Ryan secured a tower ladder to be used as a high point anchor for a 3:1 retrieval system. He instructed Suffolk Police Department emergency services unit officers to construct a 3:1 mechanical advantage. A safety line and haul lines were also needed. From that point on, all communications from the hole went through Ryan.

The large quantity of equipment needed (carabiners, tubular webbing, ropes, stokes baskets, additional oxygen, and more medical supplies and backboards) was acquired from the Lakeland Fire Department, the Bohemia Fire Department, and the Suffolk County Police Department.

D`Agostino and Smith treated and stabilized the other two victims using collars, backboards, head beds, trauma dressings, and splints. (The second victim was stable with an extremity fracture to the left lower leg, which had to be splinted. The third victim, although stable, was in great pain from possible vertebral fractures. There were no signs of neurogenic shock or paralysis. Great care, however, was taken to completely immobilize this victim so that no further injury would occur and he would be as comfortable as possible for the vertical lift to the top of the hole.) Mahoney and Smith started the packaging process. Each victim had to be diamond-lashed into the stokes; the backup harness had to be weaved and made secure with safety lines. Diaper harnesses were also used to secure all of the victims to the backboards and then to the stokes baskets.

We used a vertical lift and the ladder as a support for the stokes basket. This enabled just one entrant to guide the basket up the ladder with a minimum of physical effort, since the members on top did the hauling. A haul line and safety line were attached to the head of each stokes basket. The safety line was also attached to the harness that was weaved to the backboard and onto the victims. At this point, Ryan checked the rigging (the 3:1, the safety lines, and the haul lines), making sure that different color ropes were used for each. Carabiners were offset and locked. I double-checked the attachment of the ropes to the baskets and all other attachment points and then finally guided them to the top.

We could have used a horizontal lift through the open hole left by the collapse, off a tower ladder with an unsupported stokes, tag lines and all. It would have looked great, but it wasn`t called for. It`s safer to keep the operation as simple as possible.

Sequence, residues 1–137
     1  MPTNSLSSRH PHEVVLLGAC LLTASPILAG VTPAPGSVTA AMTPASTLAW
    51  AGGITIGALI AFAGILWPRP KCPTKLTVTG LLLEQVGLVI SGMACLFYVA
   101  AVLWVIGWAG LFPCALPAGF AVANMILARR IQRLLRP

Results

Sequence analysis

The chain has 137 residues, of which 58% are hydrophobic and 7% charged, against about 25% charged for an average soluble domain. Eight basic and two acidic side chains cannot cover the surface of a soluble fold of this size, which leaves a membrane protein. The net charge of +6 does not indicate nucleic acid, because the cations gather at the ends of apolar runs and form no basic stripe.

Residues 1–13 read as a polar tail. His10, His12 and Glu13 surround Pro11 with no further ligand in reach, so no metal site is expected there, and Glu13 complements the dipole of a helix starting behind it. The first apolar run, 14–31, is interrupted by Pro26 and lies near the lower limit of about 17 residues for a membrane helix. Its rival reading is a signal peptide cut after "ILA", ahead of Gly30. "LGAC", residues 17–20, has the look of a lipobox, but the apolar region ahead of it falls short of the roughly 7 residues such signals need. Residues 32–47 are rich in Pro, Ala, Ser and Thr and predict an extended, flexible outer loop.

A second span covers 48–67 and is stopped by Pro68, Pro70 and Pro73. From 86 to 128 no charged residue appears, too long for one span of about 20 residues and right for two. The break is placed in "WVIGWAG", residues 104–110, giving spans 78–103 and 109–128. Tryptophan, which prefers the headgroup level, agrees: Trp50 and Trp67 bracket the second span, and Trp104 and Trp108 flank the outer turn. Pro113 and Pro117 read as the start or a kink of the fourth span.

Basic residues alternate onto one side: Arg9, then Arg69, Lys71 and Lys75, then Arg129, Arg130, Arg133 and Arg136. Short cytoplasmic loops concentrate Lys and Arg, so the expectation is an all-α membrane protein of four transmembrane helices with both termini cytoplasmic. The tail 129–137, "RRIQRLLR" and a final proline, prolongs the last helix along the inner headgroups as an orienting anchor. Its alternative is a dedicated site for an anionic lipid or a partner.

At one point, three news helicopters were hovering over the damaged dome. Their backwash could have caused a secondary collapse. We conveyed our concern from the hole with screams loud enough for the helicopter crews to hear. The IC ordered them to leave. Work had to be stopped until they left. From the time the first rescuer arrived at the scene until the last victim was lifted out of the tank, one hour and 13 minutes had elapsed. The training and commitment to excellence of all involved in the operation made this kind of timing possible.

Click here to enlarge image

Chief Napolitano and Assistant Chief Ryan discuss the operation as tower ladder (not shown) is being positioned. Firefighters are holding rope used to lower medical supplies and equipment to rescuers below. Firefighters in red helmets are the backup confined space entry team. Note the SCBA on the ground. They were discarded when the atmosphere was determined not to be oxygen-deficient. (Photos by Jerry Rudolph.)

Click here to enlarge image

Click here to enlarge image

(Left) The tower ladder platform is raised to allow a clear path for victim removal. Firefighters pull on the haul line attached to the stokes basket carrying the first victim. (Right) The first victim clears the hatchway and is supported by firefighters. Tension is maintained on haul lines until the victim is lowered down to more stable ground. The victim is then hand-carried across the uneven terrain to a waiting ambulance.

ROBERT GALIONE has been a member of the City of New York (NY) Fire Department for 18 years, where he was a member of engine and ladder companies. For the past seven years, he has been assigned to Rescue 2. He is also a 10-year veteran of the Lakeland (NY) Fire Department.

No posts to display